(4) Krishna wanders along the banks of the River Yamuna. He stole the garments of the young damsels of Vraja who were bathing there. He delights in the mellows of the rasa dance; He is very merciful; the lover and beloved of Shrimati Radharani; the great dancer of Vrindavana; and the shelter and only refuge of Bhaktivinoda Thakura.

Related Posts: An Expression of Conviction in Bhakti


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Prayers to Govardhan

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Sri Govardhana-Vasa-Prarthana-Dasakam
Ten Prayers for Residence at Sri Govardhan

Mexican architect Luis Barragan defined architecture as an art wherein one “creates aesthetic emotion in the atmosphere and when this environment produces well being.” By this definition, Govardhan Hill can be seen as the central architectural feature of the divine landscape of Vrindavan. Its fourteen mile circumference crowded with holy sites, Govardhan is a literal mountain of aesthetic stimuli for meditation on Krishna’s lila (divine play). For centuries it has remained the desired place of residence and pilgrimage for Krishna devotees.

Composed by the 16th century Chaitanya Vaisnava saint, Raghunath das Goswami, Sri Govardhana-Vasa-Prarthana-Dasakam is a poetic meditation on Govardhana Hill as the premier servant of Krishna lila, as well as a call for grace, via the refrain “nija-nikita-nivasam dehi govardhana! tvam”, “O Govardhana, please grant me residence near your side”.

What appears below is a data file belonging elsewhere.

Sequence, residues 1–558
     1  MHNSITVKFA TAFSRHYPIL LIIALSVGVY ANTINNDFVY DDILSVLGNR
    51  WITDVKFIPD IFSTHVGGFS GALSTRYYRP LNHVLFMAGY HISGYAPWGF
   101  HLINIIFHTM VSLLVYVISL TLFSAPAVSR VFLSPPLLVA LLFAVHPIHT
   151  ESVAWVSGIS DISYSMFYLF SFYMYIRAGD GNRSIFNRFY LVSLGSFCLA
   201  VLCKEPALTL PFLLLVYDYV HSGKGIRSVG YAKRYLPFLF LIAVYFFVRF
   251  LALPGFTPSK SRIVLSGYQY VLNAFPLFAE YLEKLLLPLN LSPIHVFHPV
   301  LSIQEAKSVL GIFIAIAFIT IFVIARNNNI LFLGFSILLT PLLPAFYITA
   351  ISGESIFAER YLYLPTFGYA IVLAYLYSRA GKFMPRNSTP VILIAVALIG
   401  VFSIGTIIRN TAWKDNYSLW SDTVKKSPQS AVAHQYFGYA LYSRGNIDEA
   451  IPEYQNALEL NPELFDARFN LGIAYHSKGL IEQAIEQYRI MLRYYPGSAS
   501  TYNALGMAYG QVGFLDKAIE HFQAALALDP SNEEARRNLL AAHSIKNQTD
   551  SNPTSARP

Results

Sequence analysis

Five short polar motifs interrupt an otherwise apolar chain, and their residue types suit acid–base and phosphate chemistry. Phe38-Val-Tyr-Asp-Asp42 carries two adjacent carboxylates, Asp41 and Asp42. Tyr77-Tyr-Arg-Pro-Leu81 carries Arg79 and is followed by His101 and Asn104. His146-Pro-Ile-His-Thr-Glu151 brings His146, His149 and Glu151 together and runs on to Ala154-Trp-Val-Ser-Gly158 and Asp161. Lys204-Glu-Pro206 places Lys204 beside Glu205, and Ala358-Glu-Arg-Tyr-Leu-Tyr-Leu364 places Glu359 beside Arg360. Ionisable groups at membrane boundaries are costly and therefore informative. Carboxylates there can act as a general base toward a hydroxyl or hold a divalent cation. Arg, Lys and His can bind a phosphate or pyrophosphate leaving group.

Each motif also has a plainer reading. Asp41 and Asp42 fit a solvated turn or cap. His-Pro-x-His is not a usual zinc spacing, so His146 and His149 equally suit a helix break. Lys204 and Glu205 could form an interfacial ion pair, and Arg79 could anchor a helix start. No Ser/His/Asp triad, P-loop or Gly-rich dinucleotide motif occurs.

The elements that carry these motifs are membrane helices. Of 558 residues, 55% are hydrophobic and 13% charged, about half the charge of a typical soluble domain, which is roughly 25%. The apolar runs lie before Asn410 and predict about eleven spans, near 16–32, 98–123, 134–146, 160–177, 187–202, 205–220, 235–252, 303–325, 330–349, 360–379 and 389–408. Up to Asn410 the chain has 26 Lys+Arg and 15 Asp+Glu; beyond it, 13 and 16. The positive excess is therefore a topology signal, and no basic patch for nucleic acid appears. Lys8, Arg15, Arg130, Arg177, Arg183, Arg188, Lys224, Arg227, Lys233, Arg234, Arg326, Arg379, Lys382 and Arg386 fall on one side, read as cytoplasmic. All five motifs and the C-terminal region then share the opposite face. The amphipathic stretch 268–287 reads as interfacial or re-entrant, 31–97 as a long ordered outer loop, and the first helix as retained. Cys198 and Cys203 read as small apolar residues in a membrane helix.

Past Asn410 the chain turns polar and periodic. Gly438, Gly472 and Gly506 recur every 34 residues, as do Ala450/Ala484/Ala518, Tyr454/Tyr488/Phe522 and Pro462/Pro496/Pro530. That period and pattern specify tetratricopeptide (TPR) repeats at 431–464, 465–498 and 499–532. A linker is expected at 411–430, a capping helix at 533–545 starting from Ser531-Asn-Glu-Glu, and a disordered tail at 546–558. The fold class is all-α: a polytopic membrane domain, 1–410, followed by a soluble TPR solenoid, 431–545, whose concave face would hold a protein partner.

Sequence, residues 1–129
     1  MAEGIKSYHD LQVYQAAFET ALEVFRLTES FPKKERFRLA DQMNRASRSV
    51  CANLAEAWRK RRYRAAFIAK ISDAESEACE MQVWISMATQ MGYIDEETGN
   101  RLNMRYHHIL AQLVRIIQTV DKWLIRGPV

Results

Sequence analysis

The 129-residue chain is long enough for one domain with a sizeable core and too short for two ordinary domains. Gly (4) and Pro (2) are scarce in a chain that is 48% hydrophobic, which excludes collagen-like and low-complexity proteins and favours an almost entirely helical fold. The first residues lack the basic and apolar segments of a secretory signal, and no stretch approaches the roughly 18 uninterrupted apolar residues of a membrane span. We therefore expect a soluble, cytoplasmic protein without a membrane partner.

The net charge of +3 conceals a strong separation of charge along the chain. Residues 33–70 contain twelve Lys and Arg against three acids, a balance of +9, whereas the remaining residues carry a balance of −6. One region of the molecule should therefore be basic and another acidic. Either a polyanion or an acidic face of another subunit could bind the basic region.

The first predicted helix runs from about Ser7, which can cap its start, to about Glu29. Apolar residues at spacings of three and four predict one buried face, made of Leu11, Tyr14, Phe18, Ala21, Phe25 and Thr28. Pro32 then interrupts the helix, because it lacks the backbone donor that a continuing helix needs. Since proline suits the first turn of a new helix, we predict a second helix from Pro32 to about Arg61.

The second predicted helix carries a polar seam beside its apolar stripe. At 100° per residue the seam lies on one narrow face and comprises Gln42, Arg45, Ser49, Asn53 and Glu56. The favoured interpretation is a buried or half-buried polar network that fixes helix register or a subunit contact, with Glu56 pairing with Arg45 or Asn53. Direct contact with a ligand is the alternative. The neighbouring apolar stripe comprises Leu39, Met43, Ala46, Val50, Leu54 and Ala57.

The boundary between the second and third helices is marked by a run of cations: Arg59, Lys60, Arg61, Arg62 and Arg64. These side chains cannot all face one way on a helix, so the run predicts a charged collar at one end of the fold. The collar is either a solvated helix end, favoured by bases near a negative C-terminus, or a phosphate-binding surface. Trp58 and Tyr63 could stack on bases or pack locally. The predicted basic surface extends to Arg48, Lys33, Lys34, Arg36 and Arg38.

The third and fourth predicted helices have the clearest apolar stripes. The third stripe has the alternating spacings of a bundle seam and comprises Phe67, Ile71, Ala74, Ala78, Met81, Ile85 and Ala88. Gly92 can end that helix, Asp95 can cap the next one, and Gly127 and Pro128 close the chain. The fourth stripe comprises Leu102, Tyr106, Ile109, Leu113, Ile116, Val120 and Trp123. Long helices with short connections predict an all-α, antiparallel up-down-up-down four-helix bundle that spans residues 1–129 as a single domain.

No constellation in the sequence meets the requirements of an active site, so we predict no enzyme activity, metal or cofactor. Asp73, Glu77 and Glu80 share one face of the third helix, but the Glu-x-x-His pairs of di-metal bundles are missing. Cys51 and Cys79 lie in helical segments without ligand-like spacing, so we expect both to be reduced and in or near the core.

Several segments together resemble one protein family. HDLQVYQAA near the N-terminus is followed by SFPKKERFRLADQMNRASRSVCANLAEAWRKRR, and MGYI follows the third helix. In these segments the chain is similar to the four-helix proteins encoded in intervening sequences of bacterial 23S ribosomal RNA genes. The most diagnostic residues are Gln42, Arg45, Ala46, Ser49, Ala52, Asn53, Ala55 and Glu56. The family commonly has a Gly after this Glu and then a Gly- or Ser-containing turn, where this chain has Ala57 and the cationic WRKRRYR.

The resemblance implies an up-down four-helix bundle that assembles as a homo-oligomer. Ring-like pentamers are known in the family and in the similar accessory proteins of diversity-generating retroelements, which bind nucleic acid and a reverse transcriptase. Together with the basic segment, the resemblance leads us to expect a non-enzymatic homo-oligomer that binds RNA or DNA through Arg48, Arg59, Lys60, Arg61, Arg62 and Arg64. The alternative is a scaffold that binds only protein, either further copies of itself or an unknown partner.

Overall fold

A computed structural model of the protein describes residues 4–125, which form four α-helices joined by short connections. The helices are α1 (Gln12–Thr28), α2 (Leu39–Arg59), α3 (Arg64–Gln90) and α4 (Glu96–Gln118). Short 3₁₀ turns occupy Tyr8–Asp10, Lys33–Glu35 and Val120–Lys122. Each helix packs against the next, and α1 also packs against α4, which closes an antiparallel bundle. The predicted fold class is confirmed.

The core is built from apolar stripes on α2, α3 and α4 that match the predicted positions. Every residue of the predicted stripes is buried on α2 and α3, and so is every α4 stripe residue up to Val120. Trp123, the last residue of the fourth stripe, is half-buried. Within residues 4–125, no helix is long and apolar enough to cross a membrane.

Govardhana is seen as unique by Krishna devotees, being both a direct manifestation of God, as well as a servant of divine lila by providing a variety of idyllic environments just suited for the eternal soul’s loving union with the supreme deity.

In his book, Dance of Divine Love, Graham M. Schweig notes, “The special nature of lila is both playful and didactic. Although lila is for the pleasure of Krishna and His devotees, and everything that occurs in lila contributes to the delight and celebration of supreme love and beauty, there are aspects that also instruct those who have yet to enter into it’s esoteric domain.” Similarly, Raghunath das Goswami’s prayer not only celebrates Krishna’s divine play but also frames it as both a focal point of meditation and a model of servitude for the bhakti-yogi. Simultaneously, Raghunath das points to Govardhan as the ideal setting for sadhana (spiritual practice) for those with the aim of direct perception of Krishna lila as the Ultimate Reality.

Sri Govardhana-Vasa-Prarthana-Dasakam is composed in the meter known as malini, having fifteen syllables per quarter, and is sung here by Nityananda das, a student at the Srimad-Bhagavata Vidyapitam, the Bhaktivedanta Book Trust’s Sanskrit school at the foot of Govardhana Hill.

Below, find the Sanskrit transliteration and English translation for the ten verses and an eleventh verse which serves as the phala shruti, (fruit or boon of hearing).